Music City Hit-Makers Pair Songwriters and Symphony at Nashville’s CMA Music Festival

brett james chris destefano music city hitmakers
Songwriters Brett James (left) and Chris DeStefano perform their hits backed by members of the Nashville Studio Symphony at CMA Fest

Nashville’s CMA Music Festival, which hosts over 80,000 country lovers each day, is a four-day celebration of country music. Some sets are explosively rock, while others dabble in pop phrasings or hip-hop-borrowed beats. What you might not expect to find is a symphony orchestra, but as the Music City Hit-Makers offering proved on Friday, it’s the perfect companion to a well-crafted country song.

Created by classically trained Charles Dixon, Music City Hit-Makers combines some of country’s best songs with a symphonic arrangement. “It’s a new level of power,” says hit songwriter Brett James, who performed hits including Dierks Bentley’s “I Hold On,” Kenny Chesney’s “Out Last Night,” and Carrie Underwood’s “Something In The Water.” “It’s crazy,” he continues of the symphonic pairing. “There’s nothing more powerful musically in my opinion than that.” 

Joining James onstage to perform his songs was Chris DeStefano, also a writer on Underwood’s “Something In The Water,” as well as songs like Brett Eldredge’s “Don’t Ya” and Billy Currington’s “Hey Girl” – between the two talents, there are over 40 hits to choose from. Dan + Shay also joined the writers to perform two of their (DeStefano penned) songs, “Nothin’ Like You” and current single “From The Ground Up.”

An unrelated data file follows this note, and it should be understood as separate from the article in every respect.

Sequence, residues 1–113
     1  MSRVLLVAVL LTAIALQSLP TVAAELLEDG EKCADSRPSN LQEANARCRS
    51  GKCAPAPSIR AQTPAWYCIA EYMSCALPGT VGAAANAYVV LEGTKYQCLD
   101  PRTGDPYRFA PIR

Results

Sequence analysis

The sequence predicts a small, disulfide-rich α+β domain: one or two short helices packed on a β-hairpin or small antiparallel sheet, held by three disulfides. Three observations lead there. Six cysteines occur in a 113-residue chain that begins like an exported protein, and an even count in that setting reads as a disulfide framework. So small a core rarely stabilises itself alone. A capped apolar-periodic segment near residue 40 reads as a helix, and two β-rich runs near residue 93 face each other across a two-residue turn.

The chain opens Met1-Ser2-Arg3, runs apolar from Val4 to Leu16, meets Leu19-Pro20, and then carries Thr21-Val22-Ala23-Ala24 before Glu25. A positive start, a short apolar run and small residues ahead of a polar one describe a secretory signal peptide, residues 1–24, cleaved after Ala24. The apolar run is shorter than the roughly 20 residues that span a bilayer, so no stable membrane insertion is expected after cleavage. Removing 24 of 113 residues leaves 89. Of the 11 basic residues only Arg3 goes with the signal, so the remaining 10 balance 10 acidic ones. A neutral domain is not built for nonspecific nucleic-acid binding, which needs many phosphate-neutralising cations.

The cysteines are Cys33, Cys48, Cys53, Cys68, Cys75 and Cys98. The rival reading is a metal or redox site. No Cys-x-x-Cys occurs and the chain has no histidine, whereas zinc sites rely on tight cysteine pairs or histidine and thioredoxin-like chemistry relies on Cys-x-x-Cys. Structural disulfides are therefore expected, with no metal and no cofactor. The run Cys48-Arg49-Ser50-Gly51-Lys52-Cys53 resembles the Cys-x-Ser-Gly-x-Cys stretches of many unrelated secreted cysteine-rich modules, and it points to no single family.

For “From The Ground Up,” the set was almost a sonic homecoming. On Friday’s stage were Jessica Blackwell (violin), Emily Nelson (cello), Betsy Lamb (viola) and Dixon, who played the record, and Charles Judge, who did the arrangement on the record. Judge is himself a creative force; if a record out of Nashville has any string or symphonic elements, chances are he arranged it. In many ways, Judge is the backbone of the Music City Hit-Makers offering, creating all the arrangements from scratch – ideally from a raw vocal and guitar – even if he arranged for the record. “It kind of gives me a blank canvas, and then I can just sort of play around with it and it’s much easier to imagine different things without working to a fully produced band kind of sound,” Judge says.

“It’s similar in some ways,” he says of arranging for a record as opposed to the MCHM songs, “but on the record typically whatever orchestra elements – and it’s almost always just strings – kind of are tucked in and they’re supportive but they’re not featured very much. In this kind of setting it’s more featured and a lot of times if we do a full orchestra then there’s a lot of different instruments that I don’t typically get to use on a record: the brass, the timpani, the percussion stuff.” 

Even songs that might not seem like dead ringers for the symphonic treatment can work well. “Uptempo songs in this format – to me, that’s the icing on the cake, cause people don’t think a symphony can be rock and roll,” Dixon says.

“That’s what’s so cool about it is you can change the feel, just a little bit, and it works, that symphony just takes it to a different place,” says DeStefano.

“That wouldn’t necessarily be the case if the songs weren’t great,” Judge adds. “These guys are amazing writers and that makes my job so much easier and more fun and rewarding.” Pair that with the incredible vocal ability of both writers and it’s a performance that’s so good it borders on the absurd. For those that missed Friday’s CMA Fest set, learn more and catch the incredible event live near you.